Brits’ holiday habits of yesteryear have been revealed by a vault of images dating back 150 years.
They show how in many ways little has changed.
For instance, staycations were popular as far back as Victorian times, with people flocking to seaside towns and bucolic villages for getaways in the 19th century. It’s a tradition being kept up today, with research by trivago.co.uk revealing that 80 per cent of Brits are planning on a bank holiday break in the UK this weekend.
And pastimes of today such as picnics, cycling, painting and fishing were all popular in previous decades. Traffic jams are nothing new, either, the images show. There are some interesting differences, of course. Holiday attire has definitely changed and one picture shows horse drawn beach huts in Blackpool – not a seaside sight these days.
The pictures, some of which date back to 1857, have been collated by Ancestry.co.uk and come from a bank of 330,000 images that belong to The Francis Frith Collection. Francis Frith was a 19th-century photographer who documented life in Britain’s cities, towns and villages and whose legacy was continued by relatives and photography enthusiasts.
The Frith Collection images are free to view at Ancestry.co.uk this weekend, but here MailOnline brings you a sneak peek…
A group of children sit aloft an elephant at London Zoological Gardens in 1913. Such activities are frowned upon today, with concerns over health, safety and animal cruelty
Bathing machines on the beach in Blackpool. The date is unspecified, however these beach huts on wheels (which were pulled into the sea by horses) were popular in Victorian times as they allowed women to completely preserve their modesty while enjoying the surf
The frustrations of Bank holiday traffic jams are nothing new, as this picture of a jam in Cornwall in 1955 shows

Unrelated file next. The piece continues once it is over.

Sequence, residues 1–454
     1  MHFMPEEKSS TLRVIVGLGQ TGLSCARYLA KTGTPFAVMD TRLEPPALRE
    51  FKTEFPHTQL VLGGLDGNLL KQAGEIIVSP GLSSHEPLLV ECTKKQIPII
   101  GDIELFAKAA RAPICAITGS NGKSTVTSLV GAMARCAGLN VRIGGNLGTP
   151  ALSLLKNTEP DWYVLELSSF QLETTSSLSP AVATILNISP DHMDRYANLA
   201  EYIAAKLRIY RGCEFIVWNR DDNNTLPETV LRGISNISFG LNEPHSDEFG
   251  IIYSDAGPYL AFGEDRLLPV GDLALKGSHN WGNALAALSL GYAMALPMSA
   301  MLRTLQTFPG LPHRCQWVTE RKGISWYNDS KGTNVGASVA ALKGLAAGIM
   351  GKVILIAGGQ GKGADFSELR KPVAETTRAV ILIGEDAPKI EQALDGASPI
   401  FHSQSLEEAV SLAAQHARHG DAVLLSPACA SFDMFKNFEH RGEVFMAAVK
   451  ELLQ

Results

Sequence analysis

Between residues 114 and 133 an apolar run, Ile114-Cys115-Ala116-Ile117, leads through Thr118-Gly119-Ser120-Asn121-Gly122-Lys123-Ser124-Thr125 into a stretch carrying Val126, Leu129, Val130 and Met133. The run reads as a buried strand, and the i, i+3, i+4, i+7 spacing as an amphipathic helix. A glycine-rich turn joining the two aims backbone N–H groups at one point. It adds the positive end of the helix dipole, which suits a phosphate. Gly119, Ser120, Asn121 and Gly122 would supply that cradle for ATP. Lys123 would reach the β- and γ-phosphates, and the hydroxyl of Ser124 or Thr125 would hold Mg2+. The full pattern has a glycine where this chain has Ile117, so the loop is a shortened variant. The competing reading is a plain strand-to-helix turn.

The fun of the seaside slot machines is laid bare in this snap of punters in Hunstanton, Norfolk, 1955
Smashing: British Tennis championships, Dumfries and Galloway, Scotland, 1892
By enjoying a staycation in the UK, today’s Brits have plenty in common with previous generations who would flock to seaside towns for their holidays as far back as Victorian times. On the left, a woman has fun dressing up in a grass skirt at Wick Ferry Holiday Camp in 1955. On the right two little girls take a soft toy for a dip on the beach in Sidmouth, Devon in 1924
A pageant-style competition is in full swing at Lakeside Holidays, Wokingham, Berkshire in 1960
A seaside donkey stops for a refreshing sip of cider at Clovelly, Devon, in 1960
A group of friends picnic at Box Hill, Surrey, in 1906. Picnics are ever-popular with holidaymakers in the UK, provided it doesn’t rain
A woman learns to ride her bike in Brentwood, Essex, in 1906
A group of men and boys enjoy a spot of fishing on the banks of the river in Kingston Upon Thames in 1890
In 1938 a group of holidaymakers enjoy the Louville Camp in Brixham, Devon
Three girls enjoy a group bike ride in Caister-on-Sea, near Great Yarmouth, Norfolk in 1955
A group of children pose for a photograph on a boat in Woodbridge, Suffolk, 1925
An artist’s wife admires her husband’s painting of the surroundings at Bolton Abbey in the Yorkshire Dales, 1886